I’m gradually working my way through all the folders on my laptop trying to get them into some semblance of order. I’ve backups on memory sticks and an external hard-drive which are in an equally large muddle. I’ve even got folders labelled “not to be deleted in case they contain something useful” and “probably not needed any more but keep just in case”.
But as I work my way through the files I occasionally find something I wrote months or years ago that stops me in my tracks.
I wrote the following for a blog I’ve since deleted but find it as meaningful now as then.
When I received my cancer diagnosis back in 2017, I had a lot of support from a Macmillan nurse at my local hospital. And I found lots more useful information on the Macmillan website.
On the Macmillan website it says that “For many of us cancer will be the toughest fight we ever face.” And I certainly found that to be true in the first weeks of the diagnosis.
But one day, I read a different take on learning to live with cancer which I found reflected my thinking much more.
On the CNN website, journalist Xeni Jardin, a cancer survivor, wrote “Why cancer is not a war, fight, or battle.”
For me, cancer never felt like a war. Cancer wasn’t something I “had,” but a process my body was going through. Brutal but effective medical treatment paused that process, as far as I know today. By the grace of science and God, I’m alive with no evidence of active disease as I share these words. It’s as close to “cured” or “winning” as I get, one day at a time. And I’ll take it, with gratitude.
I am no warrior. I just showed up to my medical appointments, did what I was told, and lived as best I could.
During this odd era in which facts, truth, and reality itself seem to be up for grabs, I’d like to propose that with cancer we just call it what it is. War is war. Cancer is cancer. Cancer is a disease of cellular biology in which some cells stop obeying the good instructions they’ve been given. They hog the body’s shared resources, and replicate over and over again, until the body’s own organs cannot carry out the basic functions we need for life to continue.
Read the whole article here.
Xeni’s closing words are inspirational:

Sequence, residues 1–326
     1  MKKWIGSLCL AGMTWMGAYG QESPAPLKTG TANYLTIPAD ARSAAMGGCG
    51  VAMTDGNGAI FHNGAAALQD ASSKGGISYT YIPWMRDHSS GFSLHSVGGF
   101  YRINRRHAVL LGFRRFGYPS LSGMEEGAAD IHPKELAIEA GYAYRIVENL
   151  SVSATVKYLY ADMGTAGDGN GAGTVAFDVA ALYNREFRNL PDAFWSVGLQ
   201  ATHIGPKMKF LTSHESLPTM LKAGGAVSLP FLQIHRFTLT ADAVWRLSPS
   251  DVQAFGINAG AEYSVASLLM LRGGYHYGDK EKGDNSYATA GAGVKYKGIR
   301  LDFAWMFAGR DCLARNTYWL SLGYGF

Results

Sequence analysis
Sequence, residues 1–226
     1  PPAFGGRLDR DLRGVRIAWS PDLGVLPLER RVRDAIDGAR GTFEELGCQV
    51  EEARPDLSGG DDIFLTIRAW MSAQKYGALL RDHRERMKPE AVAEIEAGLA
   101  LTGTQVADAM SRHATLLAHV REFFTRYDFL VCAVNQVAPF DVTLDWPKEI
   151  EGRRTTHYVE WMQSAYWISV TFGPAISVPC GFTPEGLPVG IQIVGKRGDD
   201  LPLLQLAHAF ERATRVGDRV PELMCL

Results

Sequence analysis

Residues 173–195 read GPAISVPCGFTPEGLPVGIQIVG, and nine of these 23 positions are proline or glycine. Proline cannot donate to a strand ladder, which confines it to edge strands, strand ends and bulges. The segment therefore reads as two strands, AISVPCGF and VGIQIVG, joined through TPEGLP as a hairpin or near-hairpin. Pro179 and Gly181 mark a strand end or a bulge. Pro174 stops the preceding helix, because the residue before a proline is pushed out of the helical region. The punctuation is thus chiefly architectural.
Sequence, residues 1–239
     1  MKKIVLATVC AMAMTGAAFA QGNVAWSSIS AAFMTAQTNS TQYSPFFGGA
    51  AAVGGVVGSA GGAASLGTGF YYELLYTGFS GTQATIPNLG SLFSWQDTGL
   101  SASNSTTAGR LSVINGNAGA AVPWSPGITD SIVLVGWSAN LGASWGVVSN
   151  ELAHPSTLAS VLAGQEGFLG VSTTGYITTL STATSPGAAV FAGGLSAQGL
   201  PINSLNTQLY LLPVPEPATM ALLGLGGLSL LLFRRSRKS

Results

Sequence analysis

We don’t know how any cancer patient’s life will unfold. What will become of any one of us is not ours to know. All that any of us can do is try to live today as best we can.
Reading Xeni’s article again in 2021 after experiencing many months of chemotherapy followed by major surgery, I find myself reflecting on the significance of her words to me.
My original diagnosis was terminal and the treatment offered was to try and extend my life for as long as possible. That my liver tumour shrunk so much and the cancer cells in my pelvis were eradicated was an unexpected and unplanned consequence of the treatment. At the end of the first six months of treatment, the oncologist actually said, “It’s a miracle!”
As the months of treatment passed and the cancer markers in my blood were massively diminished to the point where all the doctors agreed that surgery could have a good outcome, I knew I wasn’t a warrior. I’d accepted all the drugs that were offered, prepared for the worst and hoped for the best.
My November CT scan and blood tests indicated that I was cancer free. I’m having more blood tests in a couple of weeks and the next CT scan in a couple of months. As Xeni says, we don’t know how any cancer patient’s life will unfold. What I know is that every day I thank our NHS for giving me a chance to live for longer than expected and I’ll try to live each day as best I can.
Thanks for reading my blog today.